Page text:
Fuel Prices Drive School Bus Worries
Wednesday, August 17, 2005
If filling up a 32-gallon sport-utility vehicle at the pump these days gives you pause, consider Linda Farbry's plight:
She manages Fairfax County's 1,570-bus fleet, the region's largest busing system, transporting 110,000 students a day -- more people than Greyhound -- five days a week, averaging a mere seven to eight miles to the gallon.
As gasoline prices soar to record levels at the close of summer, school administrators are crunching numbers before classes start, figuring out how to pay for fuel-guzzling buses to transport students.
Gas prices across the nation have increased on average by 18 cents in the past week, the biggest one-week jump since the Energy Department began compiling the data 15 years ago. Although area school systems, like county governments, get diesel fuel for buses at a price lower than retail value, their prices still increase with the changes in the market.
Fuel prices for Fairfax County public schools have increased from $1.57 a gallon in May to $1.75 today, Farbry said. "That's a substantial increase in a very short period of time, and that's what has people talking," she said.
The Prince George's County public school system, which operates one of the region's most extensive busing operations, spends several million dollars a year on fuel and has had to increase its fuel budget significantly in recent months, said school board member Robert O. Duncan (Laurel).
Montgomery County public schools budgeted $4.4 million to fuel a fleet of 1,200 buses that transports 96,000 students per day, but officials worry it may not be enough, spokesman Brian Edwards said.
"At this point, we'll continue to try and get the best deal on fuel we can and deal with it," Edwards said.
Fairfax uses 3.5 million gallons of fuel yearly to run its fleet. School officials budgeted $4.85 million for fuel this year, a 33 percent increase from last year's fuel budget of $3.65 million. If gas prices continue to soar, officials are not sure where the extra money will come from.
"Am I worried? Sure," Farbry said. "As long as they keep running buses out there on the road to transport children, we're going to have to keep using fuel. And if the fuel costs keep going up, we're just going to have to absorb that, unless somebody wants to cut programs."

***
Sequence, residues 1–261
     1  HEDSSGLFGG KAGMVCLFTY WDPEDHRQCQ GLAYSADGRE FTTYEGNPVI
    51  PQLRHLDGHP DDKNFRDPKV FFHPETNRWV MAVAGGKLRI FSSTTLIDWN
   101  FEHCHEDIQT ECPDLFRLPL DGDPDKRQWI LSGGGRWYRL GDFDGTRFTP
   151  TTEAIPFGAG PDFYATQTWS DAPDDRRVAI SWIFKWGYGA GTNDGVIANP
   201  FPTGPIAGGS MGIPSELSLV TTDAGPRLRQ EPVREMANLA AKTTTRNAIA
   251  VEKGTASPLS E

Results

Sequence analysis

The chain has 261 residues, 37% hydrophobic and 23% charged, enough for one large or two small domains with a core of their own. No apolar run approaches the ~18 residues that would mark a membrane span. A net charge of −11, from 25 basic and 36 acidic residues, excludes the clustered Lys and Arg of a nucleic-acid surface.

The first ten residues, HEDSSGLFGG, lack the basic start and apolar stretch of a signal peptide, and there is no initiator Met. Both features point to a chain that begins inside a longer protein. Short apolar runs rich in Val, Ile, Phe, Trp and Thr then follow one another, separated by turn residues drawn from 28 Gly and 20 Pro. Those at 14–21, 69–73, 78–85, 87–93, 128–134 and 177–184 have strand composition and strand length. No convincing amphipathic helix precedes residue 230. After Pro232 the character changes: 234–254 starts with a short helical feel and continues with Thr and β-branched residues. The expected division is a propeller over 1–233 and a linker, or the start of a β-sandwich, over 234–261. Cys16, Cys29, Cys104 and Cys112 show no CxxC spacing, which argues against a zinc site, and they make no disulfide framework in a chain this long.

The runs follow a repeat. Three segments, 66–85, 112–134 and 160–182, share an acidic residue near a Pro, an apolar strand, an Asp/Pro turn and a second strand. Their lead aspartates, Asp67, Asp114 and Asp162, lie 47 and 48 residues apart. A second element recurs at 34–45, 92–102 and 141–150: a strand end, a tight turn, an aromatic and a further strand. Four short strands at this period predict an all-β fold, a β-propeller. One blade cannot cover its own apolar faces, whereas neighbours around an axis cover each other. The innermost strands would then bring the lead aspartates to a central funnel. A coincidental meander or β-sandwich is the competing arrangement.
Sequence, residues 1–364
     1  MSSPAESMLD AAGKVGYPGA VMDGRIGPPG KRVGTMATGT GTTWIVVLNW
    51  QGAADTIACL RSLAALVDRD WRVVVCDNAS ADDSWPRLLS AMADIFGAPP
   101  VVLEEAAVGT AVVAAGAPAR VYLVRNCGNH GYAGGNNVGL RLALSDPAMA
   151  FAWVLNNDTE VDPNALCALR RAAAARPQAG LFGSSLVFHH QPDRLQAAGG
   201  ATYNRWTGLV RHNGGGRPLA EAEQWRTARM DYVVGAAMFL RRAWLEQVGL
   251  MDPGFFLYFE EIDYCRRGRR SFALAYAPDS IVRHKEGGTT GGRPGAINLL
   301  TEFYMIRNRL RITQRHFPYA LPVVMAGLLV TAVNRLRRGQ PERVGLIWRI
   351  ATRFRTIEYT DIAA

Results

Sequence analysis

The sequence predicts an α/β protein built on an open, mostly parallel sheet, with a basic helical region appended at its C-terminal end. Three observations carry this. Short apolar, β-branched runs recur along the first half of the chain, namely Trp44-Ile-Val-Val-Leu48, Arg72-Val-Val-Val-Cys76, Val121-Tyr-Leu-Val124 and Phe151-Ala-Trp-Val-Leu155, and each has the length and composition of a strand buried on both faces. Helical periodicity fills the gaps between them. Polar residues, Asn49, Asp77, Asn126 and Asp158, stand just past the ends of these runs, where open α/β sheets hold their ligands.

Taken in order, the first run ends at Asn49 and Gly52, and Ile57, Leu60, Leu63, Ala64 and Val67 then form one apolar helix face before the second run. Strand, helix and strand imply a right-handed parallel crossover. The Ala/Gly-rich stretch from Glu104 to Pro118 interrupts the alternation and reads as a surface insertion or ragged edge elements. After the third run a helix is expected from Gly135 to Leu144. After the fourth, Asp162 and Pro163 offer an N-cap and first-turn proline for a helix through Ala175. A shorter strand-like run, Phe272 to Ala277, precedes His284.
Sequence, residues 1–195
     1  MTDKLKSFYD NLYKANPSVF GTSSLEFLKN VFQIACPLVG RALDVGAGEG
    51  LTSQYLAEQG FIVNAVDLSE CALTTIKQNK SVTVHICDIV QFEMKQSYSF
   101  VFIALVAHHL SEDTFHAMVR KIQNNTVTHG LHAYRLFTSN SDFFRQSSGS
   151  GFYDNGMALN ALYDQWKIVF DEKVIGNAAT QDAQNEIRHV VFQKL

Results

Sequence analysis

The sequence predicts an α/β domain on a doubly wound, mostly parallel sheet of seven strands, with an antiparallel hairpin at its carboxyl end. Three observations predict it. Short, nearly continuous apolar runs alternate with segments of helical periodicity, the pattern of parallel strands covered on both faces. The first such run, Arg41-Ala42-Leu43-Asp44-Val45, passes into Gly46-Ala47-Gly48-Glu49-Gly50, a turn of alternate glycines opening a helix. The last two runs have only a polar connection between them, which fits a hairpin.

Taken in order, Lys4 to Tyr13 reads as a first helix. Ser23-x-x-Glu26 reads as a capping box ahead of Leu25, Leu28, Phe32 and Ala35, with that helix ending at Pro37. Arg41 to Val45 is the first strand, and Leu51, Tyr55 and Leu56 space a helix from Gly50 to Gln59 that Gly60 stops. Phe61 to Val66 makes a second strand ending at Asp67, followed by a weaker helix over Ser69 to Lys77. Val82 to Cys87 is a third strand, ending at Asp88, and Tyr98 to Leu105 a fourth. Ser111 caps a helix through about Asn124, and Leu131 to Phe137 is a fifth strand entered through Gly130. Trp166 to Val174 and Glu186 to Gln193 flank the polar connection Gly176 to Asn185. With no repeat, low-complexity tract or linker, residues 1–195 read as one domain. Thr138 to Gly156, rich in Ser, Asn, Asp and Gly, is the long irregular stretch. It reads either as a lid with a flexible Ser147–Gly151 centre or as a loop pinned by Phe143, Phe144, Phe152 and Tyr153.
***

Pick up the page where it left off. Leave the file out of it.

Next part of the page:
Many systems, including Fairfax, use the Metropolitan Washington Council of Governments' cooperative purchasing program to buy fuel from low-bid vendors. The council sets a fuel rate bimonthly based on the market, and jurisdictions then solicit bids from vendors, said Karl Kalish, the council's director of purchasing.
For Prince George's, a system that runs a 1,300-bus fleet, carrying more than 95,000 students to and from school daily and guzzling an estimated 3.6 million gallons of fuel each year, even a set rate may not help.
"As long as these prices keep escalating as fast as they're escalating, we're always going to be behind," Duncan said.
Montgomery County schools budgeted last year for fuel to cost $1.35 a gallon, but it ended up averaging $1.85. The county budgeted $3.6 million last year for fuel, but it went $1.9 million over budget.
Although District public schools bus only special education students to school, some of those routes take children as far as Baltimore and Stafford County. The system runs about 600 daily routes in the school year and spent $1.6 million last year on fuel, nearly double the $825,000 the system budgeted.
For the 2005-06 school year, District officials budgeted $1.6 million but might adjust the figure soon if fuel prices continue to climb, said Leslie Dews, a transportation official for D.C. public schools.
Fuel prices are among the highest for Arlington public schools, which operates its fleet of 100 buses on bio-diesel. On Aug. 1, fuel for Arlington's buses cost $2.09 a gallon, 35 cents higher than a year ago. That's a significant increase for a system that runs buses getting eight miles per gallon and traveling about 225 miles a day.
"As with any consumer or homeowner, as the prices continue to go up, we will have to find ways through budgeting of absorbing the cost," schools spokeswoman Linda M. Erdos said.
Anne Arundel County schools budgeted to allow for a 25 percent increase in diesel prices in the 2005-06 school year. The county's 500 buses travel 10 million miles a year and burn 1.3 million gallons at 7.5 miles per gallon. A 10-cent increase in the average price of fuel costs the school system $133,000.
"These prices take money away from the instruction department, ultimately, from the mission," said Winship Wheatley, the system's supervisor of transportation. "No matter what the price is."
Wheatley buys fuel from vendors who bid against a base price set by AAA, a sort of large-scale equivalent to scanning all the stations on the corner for the best price.
"We expect diesel prices to rise, just like gas prices are, and then hopefully they'll settle in spring," Wheatley said. "But we're not counting on that."
Staff writers Nick Anderson and Daniel de Vise contributed to this report.